It was during a conversation with a couple from Indiana, when I realize I hadn’t come here to find myself. I already knew myself. I came here to take a “time out”, to gain confidence, and to be free from the expectation of “getting over it”. No one here knew my story, they only knew I had come here alone. They didn’t see anything else past it.
The last day of my trip, I take a yoga class. The beautiful and wise instructor makes me slightly embarrassed at my lack of flexibility but, she manages to put me at ease.
There’s a point in the class after many intense poses that she asks us to place our hands in a prayer pose in front of our chest. She asks us to let our hands part – that we’ll feel the magnetic energy that our Chakras have created. I’m extremely open minded but I was a little reluctant as I parted my hands from one another. Suddenly, as if a magnet was wedged between my hands, they became polar opposites. My hands moved in and out. My mouth was probably gaping open at my fascination of this experience.
After the class ends, the other woman in my class and I tell the instructor thank you. She’s happy for our praise and explains she hasn’t taught a class in a year and she was nervous for teaching her first class that day.
I would have never known.
After yoga, I get a Mayan Clay massage that helps to detoxify the skin and system. I feel slightly enlightened. How could I not?
I go to the beach for the last daytime sun before returning home the following day. As the sun starts to set, I write my ex a letter to tell her everything that’s too late to say and say goodbye. It’s around 5 pages long, I grasp the folded pages in my hand until I’m ready to bury it in the sand.
There are moments when I tell myself, “You’re doing this. You’re doing all of this.” These simple words soften my heart and reclaim my value. On this last day, these words wash over me with intense power and energy.
That night, I eat and drink my last meal on my trip. I walk back the dark road to my tent but something draws me to the beach. The moonlight casts a glow on the white sand and clear waters that I could never describe in words.
Something deep within me comes to surface. Pain, fear, anger, confusion, and renewal. I wade in the water, letting the salty waves crash into my legs and up my skirt. I put in my earbuds in and play my ipod. I let those songs about her become songs about me, in this moment.
I dance in the low tide, sit on the dark sandy shores, and look to the full moon for strength and restoration. I feel it all.
I somehow make it back to my humid tent and fall asleep without waking up once.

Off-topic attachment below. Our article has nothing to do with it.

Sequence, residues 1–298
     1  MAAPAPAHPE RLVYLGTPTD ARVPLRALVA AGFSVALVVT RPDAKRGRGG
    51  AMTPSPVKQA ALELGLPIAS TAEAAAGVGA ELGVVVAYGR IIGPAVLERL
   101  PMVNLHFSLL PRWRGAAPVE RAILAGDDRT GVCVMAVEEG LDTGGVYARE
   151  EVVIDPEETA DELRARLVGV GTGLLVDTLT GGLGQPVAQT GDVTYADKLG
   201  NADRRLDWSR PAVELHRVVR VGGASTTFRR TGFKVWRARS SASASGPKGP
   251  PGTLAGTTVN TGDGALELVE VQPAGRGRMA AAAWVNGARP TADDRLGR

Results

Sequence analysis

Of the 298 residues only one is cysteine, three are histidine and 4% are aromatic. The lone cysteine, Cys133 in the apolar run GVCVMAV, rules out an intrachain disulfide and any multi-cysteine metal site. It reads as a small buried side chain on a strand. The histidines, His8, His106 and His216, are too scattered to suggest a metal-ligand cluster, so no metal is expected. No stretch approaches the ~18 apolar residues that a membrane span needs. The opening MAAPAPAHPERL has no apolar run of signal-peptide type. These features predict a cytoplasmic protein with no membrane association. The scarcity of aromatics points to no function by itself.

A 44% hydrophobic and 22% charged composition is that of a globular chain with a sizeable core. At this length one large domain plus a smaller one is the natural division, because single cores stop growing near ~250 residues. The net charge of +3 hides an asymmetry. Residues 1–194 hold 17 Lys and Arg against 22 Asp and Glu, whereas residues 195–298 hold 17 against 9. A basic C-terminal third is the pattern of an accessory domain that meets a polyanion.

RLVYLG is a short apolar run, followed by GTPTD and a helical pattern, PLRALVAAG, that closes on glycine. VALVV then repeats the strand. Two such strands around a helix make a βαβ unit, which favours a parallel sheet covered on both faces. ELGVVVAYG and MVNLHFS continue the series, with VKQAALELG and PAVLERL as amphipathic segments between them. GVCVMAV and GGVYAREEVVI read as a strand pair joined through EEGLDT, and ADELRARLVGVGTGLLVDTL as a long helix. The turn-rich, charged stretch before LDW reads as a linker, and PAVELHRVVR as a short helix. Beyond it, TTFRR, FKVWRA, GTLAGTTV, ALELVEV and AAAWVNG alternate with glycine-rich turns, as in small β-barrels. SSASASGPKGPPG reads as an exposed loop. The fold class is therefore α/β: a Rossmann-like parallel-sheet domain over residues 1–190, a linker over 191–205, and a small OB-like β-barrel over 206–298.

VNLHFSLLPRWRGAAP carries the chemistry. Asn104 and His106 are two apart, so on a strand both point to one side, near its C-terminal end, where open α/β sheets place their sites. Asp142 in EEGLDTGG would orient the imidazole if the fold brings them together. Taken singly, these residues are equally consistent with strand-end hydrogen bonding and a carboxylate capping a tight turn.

The next morning, my shuttle picks me up. On the way back to the airport, I glance to the right side of the highway and see the huge resort we had originally booked, miles away from the excitement of where I had stayed. Another moment which made me realize everything is meant to be.
I spend 12 hours that day traveling back to America, stand in long lines to get through US customs, run for connecting flights, and discover someone has stole my debit card information (yes, I filed a claim). But I am at peace.
Once I land in Richmond, I’m overcome by unexpected serenity. I come back home to my joyful dog (many twirls and jumping) and fall asleep in my cool apartment that feels so safe.
Most people I met on this trip told me how admirable it is that I’m traveling on my own. The women with husbands exclaimed they would be doing the exact same if they were single. I don’t want to toot my own horn but, looking back I can’t believe I did what I did, from experiencing raw moments in the hot jungle, finding happiness in conversations with wonderful people, and facing post-breakup pain on a vacation intended for a completely different purpose.
This wasn’t my first time in Tulum. I went last September with friends, this time alone, and am planning for another adventure with friends later this year. Moments during this trip, I imagined what it’s going to be like to bring my future partner and family here. It’s a beautiful place, full of positive energy and simplistic grace. I can’t wait to share it with someone who loves me with as much intensity as I deserve.
So, this is my solo trip story. It’s an experience I would recommend for everyone to try once in their lifetime – doing it after a loss or major setback is challenging and might break you open a little but something about renewing your power while being vulnerable is something that can never be replicated.